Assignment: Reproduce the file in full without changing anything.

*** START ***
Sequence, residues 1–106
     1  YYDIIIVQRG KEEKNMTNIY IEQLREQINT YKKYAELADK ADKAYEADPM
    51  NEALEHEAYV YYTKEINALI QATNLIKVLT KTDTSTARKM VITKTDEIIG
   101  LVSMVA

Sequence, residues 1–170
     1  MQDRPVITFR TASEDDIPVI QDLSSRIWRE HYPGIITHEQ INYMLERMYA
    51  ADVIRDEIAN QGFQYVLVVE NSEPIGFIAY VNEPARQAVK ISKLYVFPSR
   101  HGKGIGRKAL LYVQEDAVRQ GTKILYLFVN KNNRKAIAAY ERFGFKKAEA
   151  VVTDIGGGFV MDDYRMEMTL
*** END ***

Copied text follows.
Sequence, residues 1–106
     1  YYDIIIVQRG KEEKNMTNIY IEQLREQINT YKKYAELADK ADKAYEADPM
    51  NEALEHEAYV YYTKEINALI QATNLIKVLT KTDTSTARKM VITKTDEIIG
   101  LVSMVA

Sequence, residues 1–170
     1  MQDRPVITFR TASEDDIPVI QDLSSRIWRE HYPGIITHEQ INYMLERMYA
    51  ADVIRDEIAN QGFQYVLVVE NSEPIGFIAY VNEPARQAVK ISKLYVFPSR
   101  HGKGIGRKAL LYVQEDAVRQ GTKILYLFVN KNNRKAIAAY ERFGFKKAEA
   151  VVTDIGGGFV MDDYRMEMTL